An increasingly precocious show

The flowering of the Japanese cherry trees that adorn the great monuments of the American capital is one of the most awaited moments by Washingtonians, the definitive sign of the arrival of spring, one of the few moments of enjoyment that unites all its neighbors – rich and poor, black and white – all equally enraptured by the delicate beauty of its white and pink petals, the preferred setting for family photos, weddings and endless poses designed for Instagram.

This year, the beautiful show has arrived ahead of schedule. The trees reached their peak of flowering – defined as the time when 70% of the flowers of the yoshino variety have reached their fullness – arrived several days earlier than expected. Far from being an anomaly, the early arrival of flowers is an indicator of the climate crisis, warns the National Park Service.

Author and adventurer Eliza Scidmore mobilized the first lady to bring the beautiful trees to the United States.

“The empirical data shows that the peak of flowering for cherry trees is occurring earlier than in the past,” says its spokesman, Mike Litterst. Currently, it arrives an average of six days earlier than a hundred years ago, when Japan gave the trees to the United States as a symbol of friendship between its peoples and the average temperature of the North American capital was 1.6 degrees lower than today.

Every year it becomes more difficult to make forecasts but, in early March, meteorologists anticipated that the peak would arrive between April 2 and 5. However, the warm temperatures registered during the last week of March accelerated the flowering cycle of the 3,800 cherry trees that adorn the Mall, the national esplanade of Washington. The show arrived on March 29.

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“Since heat breaks the dormant state of trees, the early flowering of cherry trees is consistent with the warming caused by climate change, although research has not yet determined all the potential factors that may have caused it,” explains Litterst. The jump from one stage of flowering to another has been the fastest in 30 years.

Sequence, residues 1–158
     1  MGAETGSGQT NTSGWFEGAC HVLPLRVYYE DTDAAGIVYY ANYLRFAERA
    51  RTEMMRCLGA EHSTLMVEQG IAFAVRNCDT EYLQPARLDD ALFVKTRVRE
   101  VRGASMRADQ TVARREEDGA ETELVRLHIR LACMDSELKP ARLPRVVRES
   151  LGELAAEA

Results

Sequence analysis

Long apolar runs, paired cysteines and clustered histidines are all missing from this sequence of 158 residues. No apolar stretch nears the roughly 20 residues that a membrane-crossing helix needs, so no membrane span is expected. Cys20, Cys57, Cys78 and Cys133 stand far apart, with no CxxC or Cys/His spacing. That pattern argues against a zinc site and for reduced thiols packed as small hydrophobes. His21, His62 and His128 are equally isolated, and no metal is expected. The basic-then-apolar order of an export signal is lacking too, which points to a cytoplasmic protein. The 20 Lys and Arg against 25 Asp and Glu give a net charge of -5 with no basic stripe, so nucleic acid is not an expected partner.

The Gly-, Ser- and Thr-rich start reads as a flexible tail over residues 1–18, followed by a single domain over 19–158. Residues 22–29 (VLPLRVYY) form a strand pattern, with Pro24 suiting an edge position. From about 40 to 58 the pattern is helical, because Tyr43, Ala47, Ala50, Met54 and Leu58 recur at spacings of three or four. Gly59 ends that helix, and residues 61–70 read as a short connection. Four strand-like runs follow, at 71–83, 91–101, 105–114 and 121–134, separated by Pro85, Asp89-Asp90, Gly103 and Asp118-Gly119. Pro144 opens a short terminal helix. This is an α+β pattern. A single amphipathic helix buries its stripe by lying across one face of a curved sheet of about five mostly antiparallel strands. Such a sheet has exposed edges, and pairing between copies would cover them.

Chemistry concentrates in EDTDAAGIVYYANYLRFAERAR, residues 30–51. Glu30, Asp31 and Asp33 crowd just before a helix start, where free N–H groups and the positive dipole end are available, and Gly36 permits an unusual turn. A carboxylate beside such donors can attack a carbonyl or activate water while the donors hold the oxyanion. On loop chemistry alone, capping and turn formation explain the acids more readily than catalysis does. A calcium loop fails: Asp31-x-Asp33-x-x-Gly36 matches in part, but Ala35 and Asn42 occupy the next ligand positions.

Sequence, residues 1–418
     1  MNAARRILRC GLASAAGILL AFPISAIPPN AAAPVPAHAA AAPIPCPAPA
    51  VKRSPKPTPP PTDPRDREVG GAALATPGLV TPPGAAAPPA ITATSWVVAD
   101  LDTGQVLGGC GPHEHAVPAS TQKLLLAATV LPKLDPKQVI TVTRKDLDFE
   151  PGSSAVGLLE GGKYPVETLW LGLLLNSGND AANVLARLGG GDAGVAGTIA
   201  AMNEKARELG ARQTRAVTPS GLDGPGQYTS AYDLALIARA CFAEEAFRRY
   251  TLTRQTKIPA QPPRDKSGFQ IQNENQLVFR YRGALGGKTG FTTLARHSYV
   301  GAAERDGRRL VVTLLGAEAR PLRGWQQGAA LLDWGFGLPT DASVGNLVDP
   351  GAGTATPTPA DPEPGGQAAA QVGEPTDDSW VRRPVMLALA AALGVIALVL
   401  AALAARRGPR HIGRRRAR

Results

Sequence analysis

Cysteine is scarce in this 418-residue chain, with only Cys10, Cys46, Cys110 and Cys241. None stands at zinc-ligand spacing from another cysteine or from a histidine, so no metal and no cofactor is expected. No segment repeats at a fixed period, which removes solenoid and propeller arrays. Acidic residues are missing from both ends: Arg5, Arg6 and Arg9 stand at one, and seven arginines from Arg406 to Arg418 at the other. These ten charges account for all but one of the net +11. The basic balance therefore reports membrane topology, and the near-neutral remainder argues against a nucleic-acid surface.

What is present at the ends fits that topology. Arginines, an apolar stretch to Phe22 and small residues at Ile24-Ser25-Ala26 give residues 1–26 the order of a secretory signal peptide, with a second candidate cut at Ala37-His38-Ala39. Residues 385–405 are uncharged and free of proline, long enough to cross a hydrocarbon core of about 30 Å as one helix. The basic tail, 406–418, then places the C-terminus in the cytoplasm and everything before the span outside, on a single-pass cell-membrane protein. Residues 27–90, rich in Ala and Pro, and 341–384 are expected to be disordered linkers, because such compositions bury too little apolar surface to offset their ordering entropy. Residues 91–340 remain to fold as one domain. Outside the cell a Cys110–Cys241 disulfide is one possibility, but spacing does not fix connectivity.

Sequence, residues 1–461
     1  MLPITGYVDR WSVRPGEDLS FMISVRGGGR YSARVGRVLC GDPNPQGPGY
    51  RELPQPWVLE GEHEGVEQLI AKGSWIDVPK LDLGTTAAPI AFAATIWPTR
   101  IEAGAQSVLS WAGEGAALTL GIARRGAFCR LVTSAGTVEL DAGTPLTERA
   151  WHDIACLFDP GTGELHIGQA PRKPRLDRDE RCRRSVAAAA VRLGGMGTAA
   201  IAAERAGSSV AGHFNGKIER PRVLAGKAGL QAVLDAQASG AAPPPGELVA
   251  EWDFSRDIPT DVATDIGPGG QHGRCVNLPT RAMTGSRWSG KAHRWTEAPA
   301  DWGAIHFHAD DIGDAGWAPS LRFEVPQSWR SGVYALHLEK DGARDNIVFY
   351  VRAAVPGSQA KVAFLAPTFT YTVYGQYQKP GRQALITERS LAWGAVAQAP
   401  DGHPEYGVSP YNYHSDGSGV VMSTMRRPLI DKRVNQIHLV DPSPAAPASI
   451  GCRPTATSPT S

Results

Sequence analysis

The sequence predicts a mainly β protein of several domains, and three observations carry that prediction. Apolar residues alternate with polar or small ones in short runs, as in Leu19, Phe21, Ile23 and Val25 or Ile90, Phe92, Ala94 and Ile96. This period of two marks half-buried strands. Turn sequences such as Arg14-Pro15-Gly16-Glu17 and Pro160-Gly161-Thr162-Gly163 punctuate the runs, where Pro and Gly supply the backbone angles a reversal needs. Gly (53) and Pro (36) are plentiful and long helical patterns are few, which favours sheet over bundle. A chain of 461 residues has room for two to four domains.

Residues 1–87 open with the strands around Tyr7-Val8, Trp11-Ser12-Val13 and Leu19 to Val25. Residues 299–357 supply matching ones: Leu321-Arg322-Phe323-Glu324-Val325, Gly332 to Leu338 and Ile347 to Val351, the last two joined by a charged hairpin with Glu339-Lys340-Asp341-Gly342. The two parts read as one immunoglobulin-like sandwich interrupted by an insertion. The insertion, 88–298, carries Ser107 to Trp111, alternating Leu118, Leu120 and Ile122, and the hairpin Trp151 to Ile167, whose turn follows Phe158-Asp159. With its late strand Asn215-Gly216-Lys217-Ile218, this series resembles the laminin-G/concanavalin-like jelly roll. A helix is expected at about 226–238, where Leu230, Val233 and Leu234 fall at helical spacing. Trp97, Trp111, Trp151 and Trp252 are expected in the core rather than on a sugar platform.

Last year, when the declaration of the state of emergency forced Washington to cancel at the last minute the Cherry Blossoms Festival that attracts 1.5 million visitors each year, the peak of flowering occurred even earlier, on March 20, a of the earliest dates in the last century. In 2018 he made himself wait until April 5.

This year, Washington’s cherry trees reached their peak two days after those in Kyoto, where the trees recorded an even more significant record: March 26 is the earliest date of their peak in bloom in the 70 years for which there are records. officers. Or perhaps in 1,200 years, according to estimates by the University of Osaka. Due to its sensitivity to temperature changes, the flowering time of Japanese cherry trees is considered an ideal indicator of the impact of climate change on the phenology of trees.

In most of the photos that visitors upload these days to Instagram it is not seen but the water that repeatedly floods the shores of the artificial lake in Washington around which the trees were planted is also an indicator of the crisis. Twice a day, the rise in the water level exceeds the concrete barriers, leaving the roots of some trees in the air and forced to close parts of the route.

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The reason, the rise in the level of the Potomac River and the subsidence of the land around the lake as a result of erosion and traffic. This situation has led the authorities to call a contest for, while emergency repairs are being carried out, to devise solutions to save the lake, included in 2019 in the list of historical monuments in danger. On its banks stand the memorials to Thomas Jefferson, Franklind D. Roosevelt and Martin Luther King. It was in this setting that writer and adventurer Eliza Scidmore insisted that she wanted to see the cherry trees she discovered on a visit to Japan planted.

It took a lot of determination, the support of First Lady Helen Taft, the complicity of diplomats from both countries and several shipments, because the first two thousand trees arrived full of insects. But a hundred years later, the dream come true of Scidmore, the first woman to serve on the National Geographic board, continues to delight Washingtonians, even though this year there was no festival either, and fans have been encouraged to visit the cherry trees virtually.

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